I am driving home on a cloud. My tires are floating over the road as I try to take in what has just happened. One thought keeps popping into me head.

“She’s the one.”


baseballIt was a Saturday like any other. No school, so I got up a little later. Of course, for a 13 year old, that meant 9 AM instead of 6 AM. After dressing and the obligatory brushing of teeth, I stroll into the kitchen. Mami has cafe con leche ready, along with some toasted Cuban bread. Yeah, Cubans in Miami feed their kids coffee. I am not sure if that contributed to our hyper activity. This is 1980, so ADHD has not become the popular diagnosis for hyper active kids yet. We are just considered annoying young boys. Nothing a day of playing outside won’t fix. As I go to my room to grab my baseball and glove, the realization that today is not a regular Saturday starts to reach my brain.


I was a baseball fanatic as a kid, and as such, was on a Koury League team, our version of Little League in Miami. Our team was in the playoffs that year. I can’t tell you I was the star on the team. I was small for my age, and I was struggling to learn to hit a fastball. I was a decent fielder, and I was progressing as a hitter though. Papi apparently had aspirations of having a Major League baseball player for a son, so he was very involved. I fondly remember seeing him at practice and at games, cheering me on. He had coached little league back in New Jersey, and even helped out with my current team as well. Of course Mami never missed a game. Those years were instrumental in cementing my relationship with both of them.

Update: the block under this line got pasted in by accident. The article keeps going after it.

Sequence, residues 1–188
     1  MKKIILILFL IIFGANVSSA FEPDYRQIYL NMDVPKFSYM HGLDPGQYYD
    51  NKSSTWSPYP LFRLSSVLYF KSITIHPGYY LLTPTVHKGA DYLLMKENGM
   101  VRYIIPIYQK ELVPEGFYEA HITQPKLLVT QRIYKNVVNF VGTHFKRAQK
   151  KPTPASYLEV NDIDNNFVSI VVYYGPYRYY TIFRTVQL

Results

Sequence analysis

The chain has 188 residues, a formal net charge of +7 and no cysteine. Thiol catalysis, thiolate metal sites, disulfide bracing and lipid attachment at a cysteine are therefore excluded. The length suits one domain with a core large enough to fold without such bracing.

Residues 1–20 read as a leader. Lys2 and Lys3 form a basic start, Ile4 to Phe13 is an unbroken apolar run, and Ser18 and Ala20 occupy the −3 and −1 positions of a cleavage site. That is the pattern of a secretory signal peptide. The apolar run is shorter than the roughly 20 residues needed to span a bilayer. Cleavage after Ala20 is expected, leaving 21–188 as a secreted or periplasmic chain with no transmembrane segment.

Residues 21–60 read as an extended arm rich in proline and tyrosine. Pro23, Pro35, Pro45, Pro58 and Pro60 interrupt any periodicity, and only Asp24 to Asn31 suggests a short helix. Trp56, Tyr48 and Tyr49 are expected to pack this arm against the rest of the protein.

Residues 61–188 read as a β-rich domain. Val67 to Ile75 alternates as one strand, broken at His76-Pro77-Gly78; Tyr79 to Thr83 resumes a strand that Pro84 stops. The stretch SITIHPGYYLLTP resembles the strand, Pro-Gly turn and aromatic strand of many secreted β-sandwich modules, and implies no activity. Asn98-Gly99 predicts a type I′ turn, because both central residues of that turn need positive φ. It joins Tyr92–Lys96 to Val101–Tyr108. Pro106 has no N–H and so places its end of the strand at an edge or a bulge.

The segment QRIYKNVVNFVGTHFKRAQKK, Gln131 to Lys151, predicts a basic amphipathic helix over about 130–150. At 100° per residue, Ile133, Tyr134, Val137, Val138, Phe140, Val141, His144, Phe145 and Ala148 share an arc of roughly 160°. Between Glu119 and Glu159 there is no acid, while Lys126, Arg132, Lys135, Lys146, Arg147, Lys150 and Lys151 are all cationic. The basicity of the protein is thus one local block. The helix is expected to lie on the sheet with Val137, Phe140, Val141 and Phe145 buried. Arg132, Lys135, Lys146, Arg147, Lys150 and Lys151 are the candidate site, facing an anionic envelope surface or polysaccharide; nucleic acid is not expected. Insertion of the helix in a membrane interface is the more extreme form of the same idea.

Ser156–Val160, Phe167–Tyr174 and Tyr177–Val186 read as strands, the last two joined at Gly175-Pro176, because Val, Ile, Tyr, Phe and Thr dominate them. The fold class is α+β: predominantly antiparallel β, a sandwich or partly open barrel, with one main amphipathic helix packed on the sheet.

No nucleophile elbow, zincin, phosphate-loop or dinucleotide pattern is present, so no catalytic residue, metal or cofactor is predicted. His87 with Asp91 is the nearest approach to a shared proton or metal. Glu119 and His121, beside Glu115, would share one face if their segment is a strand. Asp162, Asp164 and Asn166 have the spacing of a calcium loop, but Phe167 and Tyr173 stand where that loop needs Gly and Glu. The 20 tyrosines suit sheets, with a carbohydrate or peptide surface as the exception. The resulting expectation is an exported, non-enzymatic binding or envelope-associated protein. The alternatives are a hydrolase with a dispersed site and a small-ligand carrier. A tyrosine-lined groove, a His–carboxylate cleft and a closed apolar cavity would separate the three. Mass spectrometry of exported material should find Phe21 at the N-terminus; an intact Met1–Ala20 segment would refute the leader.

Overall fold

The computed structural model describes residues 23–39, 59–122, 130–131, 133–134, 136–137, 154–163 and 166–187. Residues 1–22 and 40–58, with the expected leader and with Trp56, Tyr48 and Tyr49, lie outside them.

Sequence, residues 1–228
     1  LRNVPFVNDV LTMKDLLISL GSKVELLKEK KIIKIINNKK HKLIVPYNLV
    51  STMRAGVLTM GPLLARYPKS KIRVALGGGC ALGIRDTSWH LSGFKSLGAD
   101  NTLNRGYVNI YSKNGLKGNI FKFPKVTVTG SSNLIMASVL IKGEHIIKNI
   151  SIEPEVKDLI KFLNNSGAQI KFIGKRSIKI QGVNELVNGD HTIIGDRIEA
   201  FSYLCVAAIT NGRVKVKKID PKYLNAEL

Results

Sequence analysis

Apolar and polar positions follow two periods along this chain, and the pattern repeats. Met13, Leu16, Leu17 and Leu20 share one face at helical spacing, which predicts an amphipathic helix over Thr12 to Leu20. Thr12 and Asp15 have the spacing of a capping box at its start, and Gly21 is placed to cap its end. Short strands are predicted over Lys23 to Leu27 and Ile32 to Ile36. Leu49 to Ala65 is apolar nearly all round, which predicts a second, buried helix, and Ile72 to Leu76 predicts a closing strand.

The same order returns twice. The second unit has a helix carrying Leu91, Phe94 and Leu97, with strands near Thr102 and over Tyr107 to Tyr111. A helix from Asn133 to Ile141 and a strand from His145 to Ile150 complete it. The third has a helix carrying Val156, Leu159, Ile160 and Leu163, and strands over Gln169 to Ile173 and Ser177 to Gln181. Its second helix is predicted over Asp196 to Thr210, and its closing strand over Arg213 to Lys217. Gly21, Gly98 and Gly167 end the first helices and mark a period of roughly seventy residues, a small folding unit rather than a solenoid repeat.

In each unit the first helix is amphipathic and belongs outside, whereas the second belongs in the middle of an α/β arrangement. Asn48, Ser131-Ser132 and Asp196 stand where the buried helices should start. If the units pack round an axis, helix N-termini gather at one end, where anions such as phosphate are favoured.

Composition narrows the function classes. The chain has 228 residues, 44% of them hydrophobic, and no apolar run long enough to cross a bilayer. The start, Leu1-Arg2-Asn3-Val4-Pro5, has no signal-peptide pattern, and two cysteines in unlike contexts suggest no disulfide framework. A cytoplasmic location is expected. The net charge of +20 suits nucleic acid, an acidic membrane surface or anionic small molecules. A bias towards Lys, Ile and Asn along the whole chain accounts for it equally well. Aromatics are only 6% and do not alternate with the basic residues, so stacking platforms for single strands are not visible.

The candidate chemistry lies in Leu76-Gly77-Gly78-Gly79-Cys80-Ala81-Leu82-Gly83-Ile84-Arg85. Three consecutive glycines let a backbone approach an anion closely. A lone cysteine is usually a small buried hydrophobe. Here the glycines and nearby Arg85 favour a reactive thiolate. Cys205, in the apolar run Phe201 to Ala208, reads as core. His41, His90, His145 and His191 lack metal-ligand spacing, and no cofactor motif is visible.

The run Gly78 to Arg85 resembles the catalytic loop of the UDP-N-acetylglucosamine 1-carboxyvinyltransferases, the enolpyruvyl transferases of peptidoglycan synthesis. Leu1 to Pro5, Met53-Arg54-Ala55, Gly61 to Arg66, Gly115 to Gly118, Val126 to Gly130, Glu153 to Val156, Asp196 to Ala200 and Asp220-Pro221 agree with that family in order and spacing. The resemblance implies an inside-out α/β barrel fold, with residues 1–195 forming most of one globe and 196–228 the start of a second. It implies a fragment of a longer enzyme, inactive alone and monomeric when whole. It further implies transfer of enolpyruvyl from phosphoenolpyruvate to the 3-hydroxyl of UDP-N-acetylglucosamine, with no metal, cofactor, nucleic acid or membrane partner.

So in his attempt to help me reach my dream of baseball stardom, Papi had heard of the Charlie Lau batting method. Baseball fans will surely remember George Brett, the star third baseman for the Kansas City Royals. Many will remember his chase of Ted Williams .400 batting average that one year, and the many thrills he gave us during his career. Well, he made the Charlie Lau method famous. It was a method that used the body’s own momentum, and a transfer of weight between the batter’s back and front feet to propel him through the ball. Papi took me to a local batting instructor who taught this method.